Notably, the articles do not write in definitive terms. When it comes to the core facts, they use indirect references such as “said to be” and “the most widely supported analysis circulating on the internet.”
That is likely because, if true, that the embassy was hiding sensitive material in its basement, putting the lives of embassy staff at risk, bodes ill for China’s image.
Back in 2011, China’s hawkish Global Times had denied the tech-theft theory.
As such, it is difficult to determine which parts of the articles are true and which are speculative. It is too early to say that the articles have revealed the truth about the 1999 incident.
But the change in China’s stance is noteworthy.
In China, opinions expressed online are under strict surveillance and control. Authorities can delete any online post they deem inconvenient. But the articles in question are not subject to deletion, except for some parts. It is natural to think that they have received tacit approval from Chinese authorities.
Why, then, have Chinese authorities given the de facto green light?
To begin with, most Chinese have believed that the embassy bombing was deliberate. Tossing in “evidence” to that argument further highlights the past sins of the Americans and unites the people behind the Chinese government as relations deteriorate.
Secondly, Chinese authorities are apparently highlighting the exponential advancement in its military technologies since the “humiliation in Belgrade.”
Both outcomes make the articles suitable content ahead of the July 1, 100th anniversary of the Chinese Communist Party’s establishment.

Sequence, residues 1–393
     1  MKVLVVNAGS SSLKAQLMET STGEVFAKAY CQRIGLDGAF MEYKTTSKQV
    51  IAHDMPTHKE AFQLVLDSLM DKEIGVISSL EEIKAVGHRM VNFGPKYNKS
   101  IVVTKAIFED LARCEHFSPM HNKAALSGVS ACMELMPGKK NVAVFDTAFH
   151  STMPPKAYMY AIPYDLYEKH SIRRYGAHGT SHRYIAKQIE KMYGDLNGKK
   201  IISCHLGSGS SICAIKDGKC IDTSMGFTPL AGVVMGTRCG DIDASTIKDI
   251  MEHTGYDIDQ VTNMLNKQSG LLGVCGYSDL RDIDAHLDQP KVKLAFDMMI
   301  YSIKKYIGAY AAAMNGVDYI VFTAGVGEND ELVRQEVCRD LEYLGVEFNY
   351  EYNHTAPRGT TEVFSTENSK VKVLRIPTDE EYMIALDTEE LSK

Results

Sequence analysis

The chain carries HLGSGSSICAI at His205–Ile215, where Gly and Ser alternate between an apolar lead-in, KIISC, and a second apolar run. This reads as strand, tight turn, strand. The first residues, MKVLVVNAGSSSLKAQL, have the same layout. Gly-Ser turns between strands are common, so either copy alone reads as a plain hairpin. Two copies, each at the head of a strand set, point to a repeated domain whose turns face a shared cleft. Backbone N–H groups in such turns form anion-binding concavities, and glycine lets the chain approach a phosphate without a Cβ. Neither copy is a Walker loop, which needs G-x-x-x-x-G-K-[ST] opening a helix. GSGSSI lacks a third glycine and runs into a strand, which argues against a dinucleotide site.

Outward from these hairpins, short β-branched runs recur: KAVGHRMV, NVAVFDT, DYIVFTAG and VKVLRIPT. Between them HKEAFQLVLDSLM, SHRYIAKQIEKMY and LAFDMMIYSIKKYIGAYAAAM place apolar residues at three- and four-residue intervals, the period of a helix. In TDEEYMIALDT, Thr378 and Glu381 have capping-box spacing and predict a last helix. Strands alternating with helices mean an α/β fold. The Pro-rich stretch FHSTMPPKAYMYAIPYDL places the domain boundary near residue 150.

During the 1999 anti-U.S. demonstrations, Chinese students held banners with slogans such as “Don’t underestimate the Chinese people” and “China will become the world’s strongest country sometime in the future.”
It seemed to be a mere pipe dream at the time, but the goal is now within reach.
In a closely related development, Chinese President Xi Jinping on Friday delivered a speech to prominent domestic scientists at the Great Hall of the People in Beijing.
Xi, who doubles as the party’s general secretary, stressed the need to build China into a leader in science and technology and achieve “sci-tech self-reliance and self-strengthening.”
For China, military technologies form the core of the science and technology field.
Amid concerns about a possible supply chain disruption in the tech sector due to its confrontation with the U.S., China is clamoring for independent development of tech products that can help it march toward technological supremacy.
In its ultra-long-term plan to 2035, China seeks to catch up with the U.S. militarily as well as economically.
One day after Xi’s speech, state-run China Central Television’s main evening news program showed footage of J-20 stealth fighters flying in formation while the anchors discussed Xi’s call for “sci-tech self-reliance and self-strengthening.”
CCTV treated the J-20 as a source of national pride.
That day, Serbian Foreign Minister Nikola Selakovic met Chinese Foreign Minister Wang Yi in Guiyang, the capital city of China’s Guizhou Province.
It seemed too much of a coincidence.
At his joint news conference with Selakovic, Wang said China’s cooperation with Central and Eastern European countries “focuses on pragmatic economic and trade cooperation, which does not involve the field of defense and security.”
China’s cooperation with Central and Eastern European countries “has never had geostrategic intentions, and [China] has no intention of engaging in any sphere of influence,” Wang said.
But when Chinese Defense Minister Wei Fenghe visited Serbia in March, he and Serbian President Aleksandar Vucic exchanged views on military cooperation. Together, they inspected a military drill by Serbian armed forces.
China and Serbia have historically had close security links. It is a relationship that has gained prominence due to the recent U.S.-China confrontation.
Now, 22 years on, the embassy bombing is not a mere piece of history but an element of today’s complicated international relations … and of China’s domestic politics.